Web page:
Betta fish are territorial and gutty by nature, which is why it comes as no surprise that they aren’t the most ideal fish tank mates. However, despite their reputation, they can share space with other fish. So long as you know which fish types your betta fish is likely not to mind sharing a tank with.
The Do’s and Don’t of Housing Female Betta Fish
Much like peahens, female bettas are usually less ornate than their male counterparts. They appear duller in terms of their color and fin size than male bettas. Female bettas are also smaller in size.
Female bettas aren’t as territorial as the males. They can coexist with other fish in the same tank. But they enjoy their space, which is why you want to keep a maximum of four to six of them together in a tank. Also make sure to provide plenty of foliage within the tank so the fish have places to hide when they crave personal space.
If you already have a tank with a few female betta fish, be careful about introducing new female bettas to the existing lot. The latter may not be too accepting of the new ones. If you are insistent on keeping them all in one tank, add a minimum of two or more female bettas each time. Never expose a single betta into a tank of other female bettas.
Like their male counterparts, female bettas form ‘sororities’ with their tank mates and become territorial. So when you introduce another group of betta females into the tank, you force them to reevaluate their group dynamics. This makes it easier for the new and old fish to be more friendly towards each other.
The Do’s and Don’ts of Housing Male Betta Fish
Unlike their female counterparts, male bettas are extremely territorial. It is rare for two male bettas to share a tank peacefully. In most cases, when two bettas are in the same tank, they are likely to start fighting each other until there is only one of them remaining. When two betta males are in a tank, you may not notice the animosity in the beginning. But they will start fighting each other sooner or later.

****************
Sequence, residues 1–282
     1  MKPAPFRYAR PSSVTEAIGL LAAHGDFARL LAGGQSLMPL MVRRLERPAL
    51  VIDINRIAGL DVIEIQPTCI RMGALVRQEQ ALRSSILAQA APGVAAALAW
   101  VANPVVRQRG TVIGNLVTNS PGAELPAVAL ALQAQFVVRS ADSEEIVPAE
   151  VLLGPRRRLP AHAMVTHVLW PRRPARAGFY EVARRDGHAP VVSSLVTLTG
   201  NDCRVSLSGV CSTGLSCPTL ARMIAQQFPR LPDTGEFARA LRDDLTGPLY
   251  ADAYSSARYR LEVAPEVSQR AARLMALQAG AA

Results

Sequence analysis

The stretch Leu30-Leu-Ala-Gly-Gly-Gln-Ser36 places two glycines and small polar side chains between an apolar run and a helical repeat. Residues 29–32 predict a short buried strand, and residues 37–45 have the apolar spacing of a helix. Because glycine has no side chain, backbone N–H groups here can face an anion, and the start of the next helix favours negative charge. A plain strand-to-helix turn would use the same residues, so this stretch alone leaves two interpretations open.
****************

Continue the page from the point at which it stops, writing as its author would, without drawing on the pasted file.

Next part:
Nonetheless, here’s a trick – if you are insistent on having two male bettas in one tank, thrown in a few female bettas into the mix. This sometimes helps level the playing field and prevents the males from hunting each other. Another tip is to place differently colored male bettas in one tank. The exact reason why this works is unknown, but it could be because differently colored male bettas do not view each other as direct competitors, making it easier for them to coexist.
Is Keeping Male and Female Bettas in One Tank a Good Idea?
The truth is, you can never tell with betta fish. Sometimes, a male and female betta get along quite nicely in the beginning and may start fighting each other only once they breed. Other times, they don’t get along from the get-go. So, if you’re going down this route, keep an eye out for any change in behavior among your bettas.
Generally, it’s best not to keep a male and female betta in one tank for long periods. If you want them together so they can breed, be sure to seperate them as soon as they do. To first get a male and female betta acquainted, try keeping them in adjacent tanks. Doing so allows them to get familiar with each other, and also gives you the chance to observe their behaviors.
Do Betta Fish Get Along with Other Fish Types?
The answer is yes. Just be sure that the betta is the last fish species that you introduce into the tank. You also want to keep another tank ready just in case your betta begins to get aggressive with his tank mates. A couple of don’ts with betta fish include:
- Never place them with fish species that nibble because the betta will fight back.
- Avoid keeping them with other big and colorful fish.
- They get along with most bottom feeders.
- Good tank mates for bettas are mystery snails, guppies, ghost shrimps, neon tetras, and clown plecos.